Monkey Business

May 20, 2010
By NathanH BRONZE, Mesa, Arizona
NathanH BRONZE, Mesa, Arizona
2 articles 0 photos 0 comments

Once there was an interesting traveling circus. The chimpanzees didn’t lead a very prosperous life, but the baboons did. For example, every Monday night the chimps did two flips for the opening act. Afterward Mr. Johnson, the trainer, came to pay them, “Here, take it,” he grunted to the chimps, handing them one banana each. Then on Tuesdays the baboons also did two flips for that night’s opening act. When finished, Mr. Johnson always exclaimed cheerfully, “Here you go!” and handed them two bananas each.

One night the chimpanzees noticed this unfairness, “Hey, man,” Renton nudged Joey, “Do you see that?”

“What, Jones giving the baboons their pay?” asked Joey casually.
“Yeah, he’s giving Josh two bananas; I wonder what tricks he did to deserve that!” he pondered out loud.
“Well, let’s find out . . . HEY, JOSH!” Joey yelled.
“Um . . . Yeah?”
“What tricks did you do tonight?”

“Well, just the usual two back flips.”
“And you got two bananas for that?! We did the same thing yesterday, but we only got one . . .”
“Oh that’s too bad . . . well, good luck! Get ready, we’re moving again to another circus location soon,” Josh sighed. He then went to lie in his cozy bed of grass.
Later Joey and Renton looked around their cage, looking for a cozy place to sleep, but there wasn’t much to choose from, so they just found a patch of dirt and laid down. Looking up at the stars, Renton whispered to Joey, “The baboons get it all, but wait. . .” a smile grew on his face, “Why don’t we move in with them?!”
“Ok, well that’s easy; we don’t because we’re not allowed! Didn’t you see the sign on the wall that said ‘Chimpanzees may not go into the baboon cage without permission’?”
“Well I want that life, so, we could just go jump the fence right now, look! The grass is calling our name!”
“Hmmm… Mr. Bamoa would get mad, but I need the food.” It took a while of convincing before Joey reluctantly answered, “Fine, let’s go.” Off they went, as quiet as a chain-linked fence allowed. They made their way over to the other side, and walking to the cage off to the right, they simply arrived at their destination without a problem. They felt like they were in heaven sleeping in the grass.
The next morning, the baboons woke up to find that they were sleeping next to chimps. When Joey and Renton woke up, Josh questioned them: “What are you doing here? This is the baboon cage.”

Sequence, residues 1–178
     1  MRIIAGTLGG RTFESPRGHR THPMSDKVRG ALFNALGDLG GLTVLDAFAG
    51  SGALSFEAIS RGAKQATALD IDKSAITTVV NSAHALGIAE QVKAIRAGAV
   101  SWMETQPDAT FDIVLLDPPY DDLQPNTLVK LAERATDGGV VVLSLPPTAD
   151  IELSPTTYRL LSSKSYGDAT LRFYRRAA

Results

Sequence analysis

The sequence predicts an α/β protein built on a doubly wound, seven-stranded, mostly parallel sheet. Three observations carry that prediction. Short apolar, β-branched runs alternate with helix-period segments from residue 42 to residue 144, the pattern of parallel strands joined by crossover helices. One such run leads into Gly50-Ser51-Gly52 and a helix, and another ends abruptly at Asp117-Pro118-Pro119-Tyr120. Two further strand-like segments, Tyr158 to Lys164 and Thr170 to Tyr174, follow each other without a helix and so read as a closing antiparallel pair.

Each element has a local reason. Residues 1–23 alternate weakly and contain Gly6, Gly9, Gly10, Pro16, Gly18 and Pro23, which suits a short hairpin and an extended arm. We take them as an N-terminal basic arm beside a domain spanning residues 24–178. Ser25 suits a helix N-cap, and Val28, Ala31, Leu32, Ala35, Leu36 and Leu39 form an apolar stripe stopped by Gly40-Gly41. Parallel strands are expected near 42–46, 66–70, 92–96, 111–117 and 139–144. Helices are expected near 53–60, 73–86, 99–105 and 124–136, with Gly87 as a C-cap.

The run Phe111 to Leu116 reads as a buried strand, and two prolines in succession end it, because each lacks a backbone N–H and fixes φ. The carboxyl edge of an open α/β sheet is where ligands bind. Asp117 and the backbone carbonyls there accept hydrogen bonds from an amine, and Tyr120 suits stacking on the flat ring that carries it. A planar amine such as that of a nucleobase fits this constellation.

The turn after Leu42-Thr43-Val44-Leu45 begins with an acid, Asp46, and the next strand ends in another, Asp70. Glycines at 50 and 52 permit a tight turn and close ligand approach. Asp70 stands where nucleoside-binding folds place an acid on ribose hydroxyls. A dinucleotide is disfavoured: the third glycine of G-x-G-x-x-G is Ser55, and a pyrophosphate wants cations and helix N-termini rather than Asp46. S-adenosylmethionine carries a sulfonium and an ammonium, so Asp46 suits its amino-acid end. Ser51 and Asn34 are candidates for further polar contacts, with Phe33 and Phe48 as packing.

Renton spoke up and answered, “We want two bananas for two flips, like you guys.”
“What? You chimps will never get two bananas, but you can clean up my banana peels and I’ll give you ONE of my bananas when I get paid.”
Just then, trainer Johnson noticed the chimps out of place, “Hey, you, chimps, get back in your cage!” Johnson scolded.
Joe and Rent stopped in their place, frozen.
“I’m going to tell the boss about this!” Running to Boss Bamoa’s trailer, Johnson ran out of breath. He said, panting, “Boss—some chimps are in the—baboon cage.”
“Really?” Mr. Bamoa asked.
“Yeah! It’s horrible, they’re ignoring your sign on the wall!” exclaimed Mr. Johnson.
“Mr. Johnson, what do you have against chimps? Here, post this next to the other one,” Mr. Bamoa handed the trainer a new sign.
Mr. Johnson scanned the words silently. It read “If there are chimps in the baboon cage without permission, give them free bananas.”
Mr. Johnson quizzically looked at Mr. Bamoa, read it again, then looked back at his boss and cautiously questioned, “But Sir. . .?”
* * *

Reluctantly, Mr. Johnson posted the second sign, which caught the eye of the boss’s eighteen year old son, Tim. Tim said to himself, “What? This is ridiculous!” Looking at the chimps in the baboon cage, he said, “Chimps, your outta there.” He chained them up and took them back to their cage.
“Um, hey, Tim what about your dad?” asked Mr. Johnson guardedly.
“Oh, he put me over the monkey cages last year! And it’s a good thing, ‘cause it looks like he’s going senile.”
Mr. Johnson wondered how much of a family feud was going to go on before Mr. Bamoa would finally come to his senses about all this monkey-business.

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